Then came the Texas Intercollegiate Press Association conference, a weekend of schananigans with a group of “printies” no hotel could handle.

We took TIPA, along with the city of San Antonio, by storm, and I can honestly say it was one of the most fun trips I’ve ever taken for school or otherwise.

The trip brought us all closer to each other and changed our friendships forever.

It wasn’t until the last Paper Night of my second semester that I had my first sad experience with the Plainsman Press. That was the Paper Night when we said goodbye to our editor-in-chief, Jayme Lozano, and one of my best friends on the paper, that mean girl in row three, Bbrown.

So I stood back as Queen’s “Bohemian Rhapsody” blared on the computer and watched everyone cry, hug, and laugh about how we would all see each other tomorrow as we turned the page on another semester none of us would forget.

Bbrown was one of my best friends on staff, and one of the most talented sports writers I’ve had the privilege of meeting. I learned a lot from her and will always think of her as a friend. I know she is going to do big things, and I hope she can fulfill her goal of one day working along side her idol, Beyonce, the way she always said she would.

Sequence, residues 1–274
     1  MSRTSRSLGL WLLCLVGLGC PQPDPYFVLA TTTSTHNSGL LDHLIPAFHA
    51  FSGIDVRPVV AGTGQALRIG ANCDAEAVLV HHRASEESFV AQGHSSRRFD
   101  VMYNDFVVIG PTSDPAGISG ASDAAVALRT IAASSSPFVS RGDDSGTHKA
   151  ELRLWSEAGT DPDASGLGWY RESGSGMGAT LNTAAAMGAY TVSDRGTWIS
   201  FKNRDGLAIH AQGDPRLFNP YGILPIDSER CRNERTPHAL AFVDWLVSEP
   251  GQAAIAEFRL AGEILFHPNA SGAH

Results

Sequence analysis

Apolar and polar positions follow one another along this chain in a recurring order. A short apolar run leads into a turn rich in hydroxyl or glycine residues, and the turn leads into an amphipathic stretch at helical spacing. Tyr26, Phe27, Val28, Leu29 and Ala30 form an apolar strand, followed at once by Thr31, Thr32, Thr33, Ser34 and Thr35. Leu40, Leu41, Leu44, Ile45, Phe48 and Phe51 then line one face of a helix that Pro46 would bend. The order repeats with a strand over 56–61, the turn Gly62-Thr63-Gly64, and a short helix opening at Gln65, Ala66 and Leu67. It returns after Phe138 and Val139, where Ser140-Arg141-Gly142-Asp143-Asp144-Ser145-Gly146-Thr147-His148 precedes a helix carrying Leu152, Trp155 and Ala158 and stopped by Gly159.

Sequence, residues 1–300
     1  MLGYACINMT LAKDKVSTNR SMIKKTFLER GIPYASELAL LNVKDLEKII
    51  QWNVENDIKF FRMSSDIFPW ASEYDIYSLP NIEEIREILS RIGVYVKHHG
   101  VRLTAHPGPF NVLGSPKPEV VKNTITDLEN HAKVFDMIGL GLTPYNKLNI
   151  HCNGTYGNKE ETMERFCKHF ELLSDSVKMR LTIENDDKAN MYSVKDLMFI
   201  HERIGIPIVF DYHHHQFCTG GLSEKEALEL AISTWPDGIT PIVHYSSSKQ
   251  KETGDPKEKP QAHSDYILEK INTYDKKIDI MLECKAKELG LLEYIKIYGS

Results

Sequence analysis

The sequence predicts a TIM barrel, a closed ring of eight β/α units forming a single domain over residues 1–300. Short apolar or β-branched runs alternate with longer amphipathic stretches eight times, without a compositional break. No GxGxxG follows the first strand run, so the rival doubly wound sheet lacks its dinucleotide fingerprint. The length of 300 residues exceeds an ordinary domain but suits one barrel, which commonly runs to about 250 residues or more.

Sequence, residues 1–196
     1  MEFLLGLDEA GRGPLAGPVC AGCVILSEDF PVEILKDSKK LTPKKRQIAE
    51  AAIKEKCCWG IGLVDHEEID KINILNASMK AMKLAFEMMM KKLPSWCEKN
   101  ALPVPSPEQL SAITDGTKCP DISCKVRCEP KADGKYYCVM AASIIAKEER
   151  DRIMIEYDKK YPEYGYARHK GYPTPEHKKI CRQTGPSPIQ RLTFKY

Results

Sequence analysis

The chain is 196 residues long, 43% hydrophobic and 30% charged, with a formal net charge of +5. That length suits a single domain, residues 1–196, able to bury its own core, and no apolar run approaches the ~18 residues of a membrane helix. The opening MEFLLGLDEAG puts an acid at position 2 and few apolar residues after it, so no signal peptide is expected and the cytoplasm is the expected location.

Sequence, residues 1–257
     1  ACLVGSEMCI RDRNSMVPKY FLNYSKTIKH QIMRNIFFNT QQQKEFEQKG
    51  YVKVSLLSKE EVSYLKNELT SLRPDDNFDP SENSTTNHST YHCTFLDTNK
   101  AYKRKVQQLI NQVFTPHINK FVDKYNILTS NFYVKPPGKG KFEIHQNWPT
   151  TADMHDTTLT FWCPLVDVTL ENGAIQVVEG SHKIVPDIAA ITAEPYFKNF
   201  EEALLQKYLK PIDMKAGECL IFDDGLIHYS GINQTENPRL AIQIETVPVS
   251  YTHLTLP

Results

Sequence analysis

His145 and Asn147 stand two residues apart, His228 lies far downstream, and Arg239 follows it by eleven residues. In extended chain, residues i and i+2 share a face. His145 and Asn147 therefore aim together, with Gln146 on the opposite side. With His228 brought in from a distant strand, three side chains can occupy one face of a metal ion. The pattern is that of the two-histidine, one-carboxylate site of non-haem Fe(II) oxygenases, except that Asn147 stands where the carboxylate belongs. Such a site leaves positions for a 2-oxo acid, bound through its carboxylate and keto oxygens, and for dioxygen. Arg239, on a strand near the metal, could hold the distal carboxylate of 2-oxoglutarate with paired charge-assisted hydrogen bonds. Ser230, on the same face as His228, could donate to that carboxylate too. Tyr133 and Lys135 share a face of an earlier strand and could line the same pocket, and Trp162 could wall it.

Jayme was a great editor-in-chief, and I wish her nothing but the best in her career as a journalist. I hope that she continues to write the things that truly interest her.

Following Bbrown leaving, I became the sports editor for the paper, something I had been looking forward to since my first semester on staff. I spent the semester writing as much as possible. I even wrote the best story of my career as a printie, a sports feature story about transgender Olympic athlete Chris Mosier.

It was by far my most high-profile story, and one that won me a second place award at TIPA.

Lots of new faces arrived my third semester. Some didn’t last, but of the ones who did, I can honestly say I’m glad I got to meet you and spend two semesters on staff with you.

I’ll definitely be keeping in touch with Riley and Matt, who have become two of my closer friends on staff. I’m sure the two of them, along with the third musketeer, Mallory, will have a blast on staff for two more semesters.